Industry slams Budget proposals for housing market

Industry slams Budget proposals for housing market




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Yesterday’s greatly anticipated Budget failed to deliver much relief for the crippled housing market, in the eyes of most industry figures.
 
The Chancellor outlined plans to increase public borrowing up to £175 billion for this year and 2010, arguing: “You can grow your way out of a recession; you can’t cut your way out of it.”
 
However, there was no “kick start” for the housing industry, with Mr Darling confirming an extension of the stamp duty holiday until the end of the year for properties under £175,000 and reiterating various Government schemes to provide aid for struggling borrowers. 
 
David Bexon, Managing Director of SmartNewHomes.com, said: “The Chancellor’s pledges to aid the market are paltry in the extreme, offering a series of half measures, as opposed to any major financial injections or hard-hitting confidence boosters.There seems to be an incredible nonchalance about the importance of housing in the overall economic recovery of this country. Given the amount of money extensively drip-fed into the banking sector over the past year, I find the Government’s pledge of just £500 million to support the production of new homes very disappointing.”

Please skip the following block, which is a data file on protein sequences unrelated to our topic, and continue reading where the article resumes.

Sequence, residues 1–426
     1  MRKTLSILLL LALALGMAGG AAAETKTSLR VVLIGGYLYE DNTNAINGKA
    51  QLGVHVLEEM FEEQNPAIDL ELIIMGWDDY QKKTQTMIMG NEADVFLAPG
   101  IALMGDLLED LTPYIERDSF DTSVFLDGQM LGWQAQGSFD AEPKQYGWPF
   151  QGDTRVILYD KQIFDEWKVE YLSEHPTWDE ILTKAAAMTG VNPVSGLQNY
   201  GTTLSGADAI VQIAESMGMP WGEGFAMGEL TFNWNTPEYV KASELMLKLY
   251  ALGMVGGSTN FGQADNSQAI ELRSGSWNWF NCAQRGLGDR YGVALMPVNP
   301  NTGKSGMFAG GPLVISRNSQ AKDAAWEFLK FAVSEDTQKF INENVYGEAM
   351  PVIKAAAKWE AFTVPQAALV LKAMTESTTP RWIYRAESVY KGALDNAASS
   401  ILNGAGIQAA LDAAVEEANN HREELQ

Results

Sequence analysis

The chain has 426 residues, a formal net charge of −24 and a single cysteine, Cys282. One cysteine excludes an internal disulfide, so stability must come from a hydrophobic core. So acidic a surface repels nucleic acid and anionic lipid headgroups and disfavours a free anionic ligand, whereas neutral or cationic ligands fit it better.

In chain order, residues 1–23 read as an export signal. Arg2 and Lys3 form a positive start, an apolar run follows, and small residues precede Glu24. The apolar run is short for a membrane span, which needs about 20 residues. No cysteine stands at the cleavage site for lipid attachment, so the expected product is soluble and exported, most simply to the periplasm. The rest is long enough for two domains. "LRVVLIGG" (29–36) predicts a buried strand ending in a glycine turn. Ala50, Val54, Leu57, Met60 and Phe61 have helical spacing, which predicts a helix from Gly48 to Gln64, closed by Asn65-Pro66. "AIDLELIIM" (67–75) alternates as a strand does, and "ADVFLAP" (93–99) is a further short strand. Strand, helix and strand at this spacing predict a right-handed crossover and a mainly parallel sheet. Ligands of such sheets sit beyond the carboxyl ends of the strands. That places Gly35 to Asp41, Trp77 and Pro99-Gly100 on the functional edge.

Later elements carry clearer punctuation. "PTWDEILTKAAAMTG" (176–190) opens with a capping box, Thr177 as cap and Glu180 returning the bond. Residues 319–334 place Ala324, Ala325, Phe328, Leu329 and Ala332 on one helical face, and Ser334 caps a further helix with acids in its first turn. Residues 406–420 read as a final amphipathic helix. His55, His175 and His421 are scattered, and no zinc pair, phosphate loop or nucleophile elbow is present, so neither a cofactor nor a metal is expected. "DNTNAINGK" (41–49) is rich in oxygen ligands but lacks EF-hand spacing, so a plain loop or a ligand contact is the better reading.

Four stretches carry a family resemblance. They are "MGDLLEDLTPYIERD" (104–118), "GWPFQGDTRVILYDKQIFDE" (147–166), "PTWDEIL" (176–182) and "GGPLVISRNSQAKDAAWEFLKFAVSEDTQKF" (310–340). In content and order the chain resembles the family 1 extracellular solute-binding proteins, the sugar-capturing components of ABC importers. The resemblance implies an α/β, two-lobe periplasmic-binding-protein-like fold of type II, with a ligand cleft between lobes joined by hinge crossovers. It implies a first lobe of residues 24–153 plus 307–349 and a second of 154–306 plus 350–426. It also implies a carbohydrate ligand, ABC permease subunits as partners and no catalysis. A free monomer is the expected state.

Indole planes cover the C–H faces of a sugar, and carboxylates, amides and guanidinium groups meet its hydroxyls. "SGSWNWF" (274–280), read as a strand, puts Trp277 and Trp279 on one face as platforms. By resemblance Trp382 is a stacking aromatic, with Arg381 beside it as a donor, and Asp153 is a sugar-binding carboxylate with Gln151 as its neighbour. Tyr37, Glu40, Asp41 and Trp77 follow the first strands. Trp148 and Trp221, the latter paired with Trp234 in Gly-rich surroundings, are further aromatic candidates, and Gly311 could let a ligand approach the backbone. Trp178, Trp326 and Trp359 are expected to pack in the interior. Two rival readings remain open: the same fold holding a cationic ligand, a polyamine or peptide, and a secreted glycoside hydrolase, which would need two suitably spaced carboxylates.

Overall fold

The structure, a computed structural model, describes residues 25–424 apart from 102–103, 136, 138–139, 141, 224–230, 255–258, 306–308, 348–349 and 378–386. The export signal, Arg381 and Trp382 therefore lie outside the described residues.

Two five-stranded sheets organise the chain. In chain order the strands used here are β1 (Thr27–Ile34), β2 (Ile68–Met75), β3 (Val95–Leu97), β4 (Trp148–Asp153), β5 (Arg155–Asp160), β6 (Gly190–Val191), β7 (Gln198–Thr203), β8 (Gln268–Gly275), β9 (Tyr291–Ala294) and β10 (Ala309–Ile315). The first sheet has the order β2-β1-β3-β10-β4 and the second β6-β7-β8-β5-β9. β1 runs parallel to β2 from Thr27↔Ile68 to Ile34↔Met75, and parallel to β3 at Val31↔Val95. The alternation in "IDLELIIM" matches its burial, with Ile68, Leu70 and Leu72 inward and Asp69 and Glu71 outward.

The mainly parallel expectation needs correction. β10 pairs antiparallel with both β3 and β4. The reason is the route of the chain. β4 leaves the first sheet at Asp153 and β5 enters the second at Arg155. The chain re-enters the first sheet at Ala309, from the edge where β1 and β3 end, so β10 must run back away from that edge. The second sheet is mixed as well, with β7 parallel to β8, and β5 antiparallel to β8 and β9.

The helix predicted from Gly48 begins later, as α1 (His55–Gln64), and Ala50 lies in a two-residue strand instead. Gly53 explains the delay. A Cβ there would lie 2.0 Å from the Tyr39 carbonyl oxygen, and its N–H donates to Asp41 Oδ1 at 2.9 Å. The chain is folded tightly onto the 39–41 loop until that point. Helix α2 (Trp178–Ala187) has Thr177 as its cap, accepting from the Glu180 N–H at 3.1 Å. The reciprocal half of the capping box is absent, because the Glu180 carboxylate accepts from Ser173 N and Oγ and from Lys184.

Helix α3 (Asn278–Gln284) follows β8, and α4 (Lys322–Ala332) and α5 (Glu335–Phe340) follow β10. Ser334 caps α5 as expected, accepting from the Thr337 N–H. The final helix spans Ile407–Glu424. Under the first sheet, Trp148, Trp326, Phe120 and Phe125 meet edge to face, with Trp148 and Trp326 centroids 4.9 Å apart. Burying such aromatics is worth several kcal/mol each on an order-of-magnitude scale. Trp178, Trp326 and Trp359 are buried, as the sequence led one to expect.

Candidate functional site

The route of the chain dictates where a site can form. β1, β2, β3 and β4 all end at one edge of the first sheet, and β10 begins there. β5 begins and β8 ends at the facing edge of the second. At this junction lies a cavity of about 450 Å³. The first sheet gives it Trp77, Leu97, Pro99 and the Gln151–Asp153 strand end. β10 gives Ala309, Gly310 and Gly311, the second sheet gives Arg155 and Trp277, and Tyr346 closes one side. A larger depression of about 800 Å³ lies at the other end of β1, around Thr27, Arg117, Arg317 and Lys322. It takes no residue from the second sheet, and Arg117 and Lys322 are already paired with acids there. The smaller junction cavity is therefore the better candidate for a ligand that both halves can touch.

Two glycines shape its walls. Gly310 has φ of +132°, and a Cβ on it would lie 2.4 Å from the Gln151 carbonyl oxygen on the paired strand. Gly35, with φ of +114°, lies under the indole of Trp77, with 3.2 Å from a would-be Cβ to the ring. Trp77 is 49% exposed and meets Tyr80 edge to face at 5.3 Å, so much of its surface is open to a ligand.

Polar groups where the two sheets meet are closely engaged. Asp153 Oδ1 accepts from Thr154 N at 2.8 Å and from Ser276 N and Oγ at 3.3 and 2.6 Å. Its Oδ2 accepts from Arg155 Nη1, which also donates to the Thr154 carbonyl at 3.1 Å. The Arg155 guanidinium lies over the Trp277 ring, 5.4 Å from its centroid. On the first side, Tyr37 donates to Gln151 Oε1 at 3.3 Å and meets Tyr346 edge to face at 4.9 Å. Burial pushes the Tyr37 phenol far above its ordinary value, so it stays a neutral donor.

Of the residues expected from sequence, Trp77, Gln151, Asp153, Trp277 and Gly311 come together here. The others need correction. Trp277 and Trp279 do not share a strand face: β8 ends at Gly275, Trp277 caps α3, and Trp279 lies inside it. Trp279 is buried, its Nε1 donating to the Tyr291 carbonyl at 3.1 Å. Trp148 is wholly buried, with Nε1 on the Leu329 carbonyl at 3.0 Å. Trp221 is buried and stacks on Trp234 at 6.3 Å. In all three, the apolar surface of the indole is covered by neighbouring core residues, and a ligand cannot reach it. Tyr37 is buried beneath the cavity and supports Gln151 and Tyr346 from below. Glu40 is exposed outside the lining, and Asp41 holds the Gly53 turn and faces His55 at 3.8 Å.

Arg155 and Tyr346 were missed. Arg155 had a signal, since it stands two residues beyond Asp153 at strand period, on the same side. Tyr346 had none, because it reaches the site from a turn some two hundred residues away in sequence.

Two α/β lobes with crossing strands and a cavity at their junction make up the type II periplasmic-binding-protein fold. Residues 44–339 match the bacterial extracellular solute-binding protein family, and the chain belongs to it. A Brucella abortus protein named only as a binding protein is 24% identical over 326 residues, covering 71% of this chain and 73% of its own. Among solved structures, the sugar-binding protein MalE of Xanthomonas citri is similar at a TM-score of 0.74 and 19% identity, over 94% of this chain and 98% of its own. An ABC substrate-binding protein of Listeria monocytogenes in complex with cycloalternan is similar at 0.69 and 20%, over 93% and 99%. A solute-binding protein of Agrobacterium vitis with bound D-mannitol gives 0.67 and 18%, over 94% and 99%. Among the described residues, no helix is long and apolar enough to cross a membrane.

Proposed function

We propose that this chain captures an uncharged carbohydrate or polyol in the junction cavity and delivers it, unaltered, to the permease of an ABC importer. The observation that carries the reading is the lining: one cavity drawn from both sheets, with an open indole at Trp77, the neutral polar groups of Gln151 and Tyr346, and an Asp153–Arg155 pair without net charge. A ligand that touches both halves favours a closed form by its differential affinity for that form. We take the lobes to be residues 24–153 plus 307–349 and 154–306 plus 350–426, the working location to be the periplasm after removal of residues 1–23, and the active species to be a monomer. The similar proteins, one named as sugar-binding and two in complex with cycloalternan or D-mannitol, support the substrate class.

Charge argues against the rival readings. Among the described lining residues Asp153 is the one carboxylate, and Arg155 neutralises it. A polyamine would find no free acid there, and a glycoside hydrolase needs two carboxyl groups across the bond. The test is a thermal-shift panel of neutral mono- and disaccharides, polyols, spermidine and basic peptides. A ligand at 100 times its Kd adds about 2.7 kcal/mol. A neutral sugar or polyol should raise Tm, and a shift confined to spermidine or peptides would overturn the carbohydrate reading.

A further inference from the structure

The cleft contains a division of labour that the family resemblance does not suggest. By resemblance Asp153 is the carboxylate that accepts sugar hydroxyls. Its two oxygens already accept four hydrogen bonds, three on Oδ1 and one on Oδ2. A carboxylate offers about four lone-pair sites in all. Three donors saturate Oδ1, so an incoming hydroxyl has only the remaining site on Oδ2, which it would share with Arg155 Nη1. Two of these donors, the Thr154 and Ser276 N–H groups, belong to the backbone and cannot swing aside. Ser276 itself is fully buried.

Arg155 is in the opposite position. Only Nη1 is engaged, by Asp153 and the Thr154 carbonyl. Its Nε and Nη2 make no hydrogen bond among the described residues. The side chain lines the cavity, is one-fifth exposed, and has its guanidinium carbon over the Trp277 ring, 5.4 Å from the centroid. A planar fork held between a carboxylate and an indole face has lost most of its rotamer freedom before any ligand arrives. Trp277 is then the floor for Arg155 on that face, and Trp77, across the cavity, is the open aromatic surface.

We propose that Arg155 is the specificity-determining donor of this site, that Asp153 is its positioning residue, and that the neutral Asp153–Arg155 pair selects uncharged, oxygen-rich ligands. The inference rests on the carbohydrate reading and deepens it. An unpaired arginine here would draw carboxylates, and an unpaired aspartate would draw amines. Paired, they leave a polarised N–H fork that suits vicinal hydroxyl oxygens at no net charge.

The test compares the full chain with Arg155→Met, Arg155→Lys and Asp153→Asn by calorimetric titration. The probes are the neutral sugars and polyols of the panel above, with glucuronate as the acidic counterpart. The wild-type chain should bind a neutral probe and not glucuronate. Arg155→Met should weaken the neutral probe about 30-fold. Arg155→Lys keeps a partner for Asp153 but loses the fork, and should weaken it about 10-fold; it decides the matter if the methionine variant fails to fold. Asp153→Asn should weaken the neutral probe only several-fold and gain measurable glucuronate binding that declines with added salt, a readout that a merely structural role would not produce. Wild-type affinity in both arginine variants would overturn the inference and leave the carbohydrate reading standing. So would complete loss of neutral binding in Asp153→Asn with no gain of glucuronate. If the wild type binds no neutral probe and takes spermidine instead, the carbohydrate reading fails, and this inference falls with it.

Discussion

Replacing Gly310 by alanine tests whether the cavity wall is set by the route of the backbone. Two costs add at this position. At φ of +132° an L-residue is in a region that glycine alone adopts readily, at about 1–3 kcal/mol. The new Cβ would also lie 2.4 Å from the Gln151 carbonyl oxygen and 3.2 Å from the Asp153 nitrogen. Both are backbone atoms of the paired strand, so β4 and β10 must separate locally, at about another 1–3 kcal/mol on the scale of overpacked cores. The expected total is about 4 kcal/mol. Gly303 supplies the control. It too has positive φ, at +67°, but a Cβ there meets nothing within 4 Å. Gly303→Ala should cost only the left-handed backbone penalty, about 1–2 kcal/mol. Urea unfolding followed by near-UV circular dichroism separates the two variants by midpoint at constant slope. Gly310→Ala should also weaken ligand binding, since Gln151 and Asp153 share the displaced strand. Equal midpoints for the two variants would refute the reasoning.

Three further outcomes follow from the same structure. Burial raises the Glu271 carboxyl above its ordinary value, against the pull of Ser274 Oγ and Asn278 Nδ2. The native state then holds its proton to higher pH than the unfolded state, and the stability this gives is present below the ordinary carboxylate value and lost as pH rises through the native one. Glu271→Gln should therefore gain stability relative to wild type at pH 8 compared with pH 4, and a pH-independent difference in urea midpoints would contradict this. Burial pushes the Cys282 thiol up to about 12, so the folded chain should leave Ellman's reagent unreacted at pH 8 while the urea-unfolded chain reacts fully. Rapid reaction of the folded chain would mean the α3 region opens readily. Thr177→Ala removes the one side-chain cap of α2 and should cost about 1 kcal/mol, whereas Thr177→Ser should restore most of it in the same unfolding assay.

The Chancellor also announced an £80 million extension of the HomeBuy Direct scheme and the launch of a £20 million proposal for local authorities to give loans to families facing homelessness.
 
Despite the small positives, the commercial property industry condemned the lack of any concessions on empty rates relief, following months of lobbying from property companies being made to pay high rates on unoccupied buildings.
 
The chief executive of the British Property Federation, Liz Peace, said the Budget ignored basic economic sense as empty rates “undermine the viability of new development and investment.”
 
The Budget was further criticized by the National Association of Estate Agents, who likened it to using a “water pistol to put out a fire.”

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